It's said that the only way to predict to future is to create it - but, here at Wareable, we like to think we have the authority to make some pretty accurate calls about launches, trends and innovations on the horizon in wearable tech.
And, with the new year just around the corner, it's time for us to rest our hands on the crystal ball and see what 2023 has in store.
Will Apple actually release a headset? Will we all be wearing smart rings by this time next year? These are just a couple of the potential avenues we'll be exploring in our predictions. Some are pretty obvious, and some are bold calls that we can't wait to revisit in a year's time.
And with ChatGPT seemingly on the cusp of replacing all of us here in online publishing, let's settle into what could even be the last set of wearable forecasts you read from a human - there's one we'll give away for free.
In no particular order, here are 23 of our predictions for the coming year.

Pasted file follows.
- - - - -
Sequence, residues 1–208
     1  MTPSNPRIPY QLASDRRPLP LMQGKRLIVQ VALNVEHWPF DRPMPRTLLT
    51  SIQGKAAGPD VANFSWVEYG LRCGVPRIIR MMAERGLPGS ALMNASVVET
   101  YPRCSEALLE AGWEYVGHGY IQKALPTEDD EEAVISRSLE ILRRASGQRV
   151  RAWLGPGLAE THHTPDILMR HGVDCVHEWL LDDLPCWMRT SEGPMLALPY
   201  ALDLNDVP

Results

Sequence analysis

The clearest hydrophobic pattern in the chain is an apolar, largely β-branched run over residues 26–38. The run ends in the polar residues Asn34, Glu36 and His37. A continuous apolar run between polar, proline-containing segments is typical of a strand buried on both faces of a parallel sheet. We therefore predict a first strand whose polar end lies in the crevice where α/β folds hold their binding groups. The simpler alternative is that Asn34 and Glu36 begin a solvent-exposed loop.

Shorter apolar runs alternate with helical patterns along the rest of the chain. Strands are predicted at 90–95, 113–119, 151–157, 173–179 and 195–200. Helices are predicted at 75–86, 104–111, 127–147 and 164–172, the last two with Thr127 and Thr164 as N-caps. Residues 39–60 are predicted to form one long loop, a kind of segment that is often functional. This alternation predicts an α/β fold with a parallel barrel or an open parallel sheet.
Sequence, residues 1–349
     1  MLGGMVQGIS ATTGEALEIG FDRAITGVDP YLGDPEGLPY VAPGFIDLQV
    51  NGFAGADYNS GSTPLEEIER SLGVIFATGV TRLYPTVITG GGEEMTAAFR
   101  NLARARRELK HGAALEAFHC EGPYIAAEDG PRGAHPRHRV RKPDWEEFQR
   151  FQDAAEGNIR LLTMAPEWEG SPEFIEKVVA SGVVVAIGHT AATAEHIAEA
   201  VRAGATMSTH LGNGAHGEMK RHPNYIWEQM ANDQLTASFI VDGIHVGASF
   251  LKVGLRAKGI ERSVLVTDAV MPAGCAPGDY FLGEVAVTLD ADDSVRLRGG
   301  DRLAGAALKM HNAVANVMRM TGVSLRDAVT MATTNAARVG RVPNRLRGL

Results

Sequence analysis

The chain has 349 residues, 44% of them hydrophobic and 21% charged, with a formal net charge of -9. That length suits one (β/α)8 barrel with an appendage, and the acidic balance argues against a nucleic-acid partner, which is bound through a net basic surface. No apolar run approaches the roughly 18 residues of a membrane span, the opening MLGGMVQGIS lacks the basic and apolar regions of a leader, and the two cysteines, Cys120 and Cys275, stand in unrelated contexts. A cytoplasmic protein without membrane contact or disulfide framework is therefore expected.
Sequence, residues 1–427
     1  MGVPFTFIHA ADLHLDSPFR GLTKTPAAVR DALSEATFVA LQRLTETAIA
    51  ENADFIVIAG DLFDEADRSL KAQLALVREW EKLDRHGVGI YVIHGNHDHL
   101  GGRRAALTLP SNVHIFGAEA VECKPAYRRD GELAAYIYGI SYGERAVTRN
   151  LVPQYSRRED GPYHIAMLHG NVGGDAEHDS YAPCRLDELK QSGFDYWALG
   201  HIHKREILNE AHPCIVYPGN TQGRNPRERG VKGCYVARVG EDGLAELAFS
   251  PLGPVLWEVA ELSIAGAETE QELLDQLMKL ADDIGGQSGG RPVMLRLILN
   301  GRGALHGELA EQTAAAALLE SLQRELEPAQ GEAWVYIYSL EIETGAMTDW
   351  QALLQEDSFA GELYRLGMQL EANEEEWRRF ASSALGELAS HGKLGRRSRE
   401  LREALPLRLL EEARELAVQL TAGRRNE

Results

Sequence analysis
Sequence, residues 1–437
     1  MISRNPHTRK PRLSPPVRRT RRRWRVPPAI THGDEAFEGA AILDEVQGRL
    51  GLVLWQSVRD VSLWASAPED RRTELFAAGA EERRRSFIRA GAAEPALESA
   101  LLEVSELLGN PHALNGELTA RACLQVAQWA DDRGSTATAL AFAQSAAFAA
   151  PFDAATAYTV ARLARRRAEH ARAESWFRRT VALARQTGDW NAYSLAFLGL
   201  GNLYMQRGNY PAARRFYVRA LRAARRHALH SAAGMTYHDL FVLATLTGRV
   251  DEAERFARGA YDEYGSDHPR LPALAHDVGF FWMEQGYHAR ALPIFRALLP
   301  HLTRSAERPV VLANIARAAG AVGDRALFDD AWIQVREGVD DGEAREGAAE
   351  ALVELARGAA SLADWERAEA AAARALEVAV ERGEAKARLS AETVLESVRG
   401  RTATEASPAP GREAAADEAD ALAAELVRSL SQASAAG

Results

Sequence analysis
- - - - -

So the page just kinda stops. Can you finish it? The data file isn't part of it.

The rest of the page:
Apple's headset will deliver the magic
We know we just said these predictions are in no particular order, but let's start with the big one: Apple is launching some kind of mixed reality headset in 2023.
It's been a rumor we've been writing about for the best part of Wareable's entire existence, and the stars (industry folks who leak Apple's plans) appear to be in alignment.
There's still very little we do know about the potential Apple headset, though. What will it be called? Will it be a headset or smartglasses? Will it be AR or VR? Nobody's certain.
Given Apple has been filing patents in this area for around two decades, it's perhaps not a surprise that it's pretty difficult to pin down exactly what its take on AR/VR/MR will look like.